For Bryony, Sheffield University provided the opportunity to take her first strokes. She enjoyed great success, culminating in silverware representing Wales at the Home Counties International Regatta. Endometriosis put an end to training but, once again, the sport stayed with her, and she found herself seeking a way to stay involved. “I suppose this was my way of maintaining my role in the community” she summarised.
Both women work to deliver the role of entries secretary alongside family life and day jobs, an incredible feat that often does not get the acclaim it deserves. “It would be great if more people could consider giving back to the events,” said Bryony. “There is always a job someone can do; any support makes the events easier and more enjoyable for everyone. Don’t be afraid to come forward”. Lesley added that any volunteer should “be ready to give up your own time,” and to “be patient”.
How to make entries secretaries happy: tips for competitors
Even if you don’t have time to dedicate to take on a role like this, you can help those who do by following their instructions when you take part in these events. Also, at smaller competitions, where entries secretaries are often handing out the numbers in a clubhouse, consider taking a few moments to chat to them (in sight of bacon sandwiches or otherwise) and let them know how much you appreciate their hard wirk. A quick email or social media shout out afterwards is good too. They will really value thanks for a job well done.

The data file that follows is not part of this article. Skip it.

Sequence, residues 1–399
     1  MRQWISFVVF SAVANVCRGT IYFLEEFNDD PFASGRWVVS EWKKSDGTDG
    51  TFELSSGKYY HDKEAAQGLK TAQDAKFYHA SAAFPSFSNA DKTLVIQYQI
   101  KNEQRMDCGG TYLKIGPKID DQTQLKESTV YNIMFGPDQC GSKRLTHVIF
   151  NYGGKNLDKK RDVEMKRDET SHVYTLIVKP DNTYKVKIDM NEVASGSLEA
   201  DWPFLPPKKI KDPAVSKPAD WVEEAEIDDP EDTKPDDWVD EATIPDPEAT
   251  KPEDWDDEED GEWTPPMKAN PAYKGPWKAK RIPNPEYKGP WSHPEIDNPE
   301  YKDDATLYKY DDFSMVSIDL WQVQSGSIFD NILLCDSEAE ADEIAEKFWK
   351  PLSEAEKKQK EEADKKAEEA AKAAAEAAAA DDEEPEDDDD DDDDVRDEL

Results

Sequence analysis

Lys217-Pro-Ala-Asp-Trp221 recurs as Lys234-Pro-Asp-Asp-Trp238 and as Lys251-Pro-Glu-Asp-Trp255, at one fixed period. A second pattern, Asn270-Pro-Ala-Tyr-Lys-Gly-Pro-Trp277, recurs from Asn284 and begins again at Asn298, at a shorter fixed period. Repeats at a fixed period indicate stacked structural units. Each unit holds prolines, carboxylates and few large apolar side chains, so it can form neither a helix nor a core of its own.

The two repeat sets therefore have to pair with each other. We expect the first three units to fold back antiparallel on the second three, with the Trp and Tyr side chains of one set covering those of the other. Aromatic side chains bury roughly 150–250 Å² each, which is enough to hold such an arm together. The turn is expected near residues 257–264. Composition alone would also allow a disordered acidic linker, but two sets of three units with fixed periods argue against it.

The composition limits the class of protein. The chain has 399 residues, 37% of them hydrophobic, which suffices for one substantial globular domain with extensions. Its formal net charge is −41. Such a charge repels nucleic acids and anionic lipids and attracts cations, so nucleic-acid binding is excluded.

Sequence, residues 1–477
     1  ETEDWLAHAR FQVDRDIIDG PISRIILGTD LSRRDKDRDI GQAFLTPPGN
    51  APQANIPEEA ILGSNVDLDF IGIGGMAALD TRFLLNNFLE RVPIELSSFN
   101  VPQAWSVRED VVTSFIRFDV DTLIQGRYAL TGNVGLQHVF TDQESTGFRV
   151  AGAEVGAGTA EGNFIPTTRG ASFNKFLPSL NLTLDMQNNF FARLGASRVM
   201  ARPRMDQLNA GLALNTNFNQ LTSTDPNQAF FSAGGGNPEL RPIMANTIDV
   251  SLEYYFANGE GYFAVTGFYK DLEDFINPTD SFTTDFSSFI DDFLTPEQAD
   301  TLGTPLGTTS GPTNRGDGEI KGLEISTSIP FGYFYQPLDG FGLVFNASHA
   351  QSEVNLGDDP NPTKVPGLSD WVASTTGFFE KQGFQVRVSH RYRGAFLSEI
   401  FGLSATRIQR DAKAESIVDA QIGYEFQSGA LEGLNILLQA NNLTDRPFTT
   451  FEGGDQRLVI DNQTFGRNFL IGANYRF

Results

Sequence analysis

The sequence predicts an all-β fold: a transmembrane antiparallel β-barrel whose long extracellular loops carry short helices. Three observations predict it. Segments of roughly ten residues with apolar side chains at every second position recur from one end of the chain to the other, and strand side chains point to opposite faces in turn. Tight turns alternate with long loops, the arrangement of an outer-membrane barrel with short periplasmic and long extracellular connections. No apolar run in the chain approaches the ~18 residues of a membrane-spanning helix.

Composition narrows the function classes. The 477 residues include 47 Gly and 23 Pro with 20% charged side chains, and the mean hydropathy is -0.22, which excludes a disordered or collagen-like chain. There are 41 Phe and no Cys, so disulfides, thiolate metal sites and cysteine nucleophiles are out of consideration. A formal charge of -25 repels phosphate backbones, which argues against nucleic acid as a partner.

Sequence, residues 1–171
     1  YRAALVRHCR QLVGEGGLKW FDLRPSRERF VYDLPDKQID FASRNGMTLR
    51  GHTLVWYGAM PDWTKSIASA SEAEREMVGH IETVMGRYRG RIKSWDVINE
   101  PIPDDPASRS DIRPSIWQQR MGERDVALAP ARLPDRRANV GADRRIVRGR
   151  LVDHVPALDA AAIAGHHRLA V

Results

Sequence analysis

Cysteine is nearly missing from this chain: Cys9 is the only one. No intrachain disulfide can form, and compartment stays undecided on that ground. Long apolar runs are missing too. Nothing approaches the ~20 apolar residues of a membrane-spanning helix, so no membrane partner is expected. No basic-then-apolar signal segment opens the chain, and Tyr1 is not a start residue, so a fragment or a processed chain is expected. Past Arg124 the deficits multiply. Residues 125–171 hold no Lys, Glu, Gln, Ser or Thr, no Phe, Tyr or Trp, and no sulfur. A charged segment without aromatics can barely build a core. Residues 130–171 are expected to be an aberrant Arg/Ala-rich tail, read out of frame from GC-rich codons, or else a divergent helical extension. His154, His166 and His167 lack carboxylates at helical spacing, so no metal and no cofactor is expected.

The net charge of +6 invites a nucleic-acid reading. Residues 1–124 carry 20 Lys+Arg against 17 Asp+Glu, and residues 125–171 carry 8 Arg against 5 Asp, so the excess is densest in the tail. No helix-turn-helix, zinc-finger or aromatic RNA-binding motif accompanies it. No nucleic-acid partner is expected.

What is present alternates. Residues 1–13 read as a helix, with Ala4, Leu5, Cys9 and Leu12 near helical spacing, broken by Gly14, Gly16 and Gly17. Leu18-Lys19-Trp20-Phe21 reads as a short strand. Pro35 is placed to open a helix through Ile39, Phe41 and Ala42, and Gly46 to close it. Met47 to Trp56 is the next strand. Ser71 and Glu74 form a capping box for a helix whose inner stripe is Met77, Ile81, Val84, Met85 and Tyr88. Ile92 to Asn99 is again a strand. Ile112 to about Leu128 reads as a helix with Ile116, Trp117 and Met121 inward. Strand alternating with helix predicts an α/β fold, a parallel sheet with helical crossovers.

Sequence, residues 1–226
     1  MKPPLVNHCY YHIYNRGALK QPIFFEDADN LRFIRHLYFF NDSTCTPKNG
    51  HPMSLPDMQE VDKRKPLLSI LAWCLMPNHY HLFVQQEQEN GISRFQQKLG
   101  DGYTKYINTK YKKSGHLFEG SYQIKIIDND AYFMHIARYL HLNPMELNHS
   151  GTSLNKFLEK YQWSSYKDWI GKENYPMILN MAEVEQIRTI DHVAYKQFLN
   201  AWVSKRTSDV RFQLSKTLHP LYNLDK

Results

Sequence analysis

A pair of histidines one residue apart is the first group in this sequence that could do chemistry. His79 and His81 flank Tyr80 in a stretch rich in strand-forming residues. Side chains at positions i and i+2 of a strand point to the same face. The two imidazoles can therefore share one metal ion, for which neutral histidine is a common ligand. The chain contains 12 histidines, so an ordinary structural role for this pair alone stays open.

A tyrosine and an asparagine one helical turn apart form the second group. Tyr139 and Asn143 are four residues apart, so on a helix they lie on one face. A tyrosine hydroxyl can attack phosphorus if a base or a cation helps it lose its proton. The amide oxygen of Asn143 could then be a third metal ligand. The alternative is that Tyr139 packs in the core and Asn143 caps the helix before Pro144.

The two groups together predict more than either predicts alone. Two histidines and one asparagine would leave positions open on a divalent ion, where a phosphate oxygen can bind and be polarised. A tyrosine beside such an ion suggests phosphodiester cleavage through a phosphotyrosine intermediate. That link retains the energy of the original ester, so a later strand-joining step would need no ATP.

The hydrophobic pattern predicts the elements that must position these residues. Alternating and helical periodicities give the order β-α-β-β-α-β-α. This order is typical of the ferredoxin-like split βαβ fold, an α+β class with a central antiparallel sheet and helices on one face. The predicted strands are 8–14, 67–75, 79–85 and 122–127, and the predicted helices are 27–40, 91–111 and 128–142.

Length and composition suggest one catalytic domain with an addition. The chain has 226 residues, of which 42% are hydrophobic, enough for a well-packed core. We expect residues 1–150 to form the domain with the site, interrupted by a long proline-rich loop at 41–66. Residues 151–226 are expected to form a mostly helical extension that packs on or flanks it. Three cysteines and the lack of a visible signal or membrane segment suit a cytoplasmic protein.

In conclusion, while those who work the hardest often don’t get the satisfaction of lifting a trophy after the race, there’s so much more to be gained from rowing than just winning. So if you’re interested in taking on the role, get in touch with local or national events – you’re likely to be welcomed with open arms. And don’tr forget that on top of the rewards that Lesley and Bryony describe, significant volunteer experience like this is always a useful thing to have on your CV.
Photos: Dan Beaumont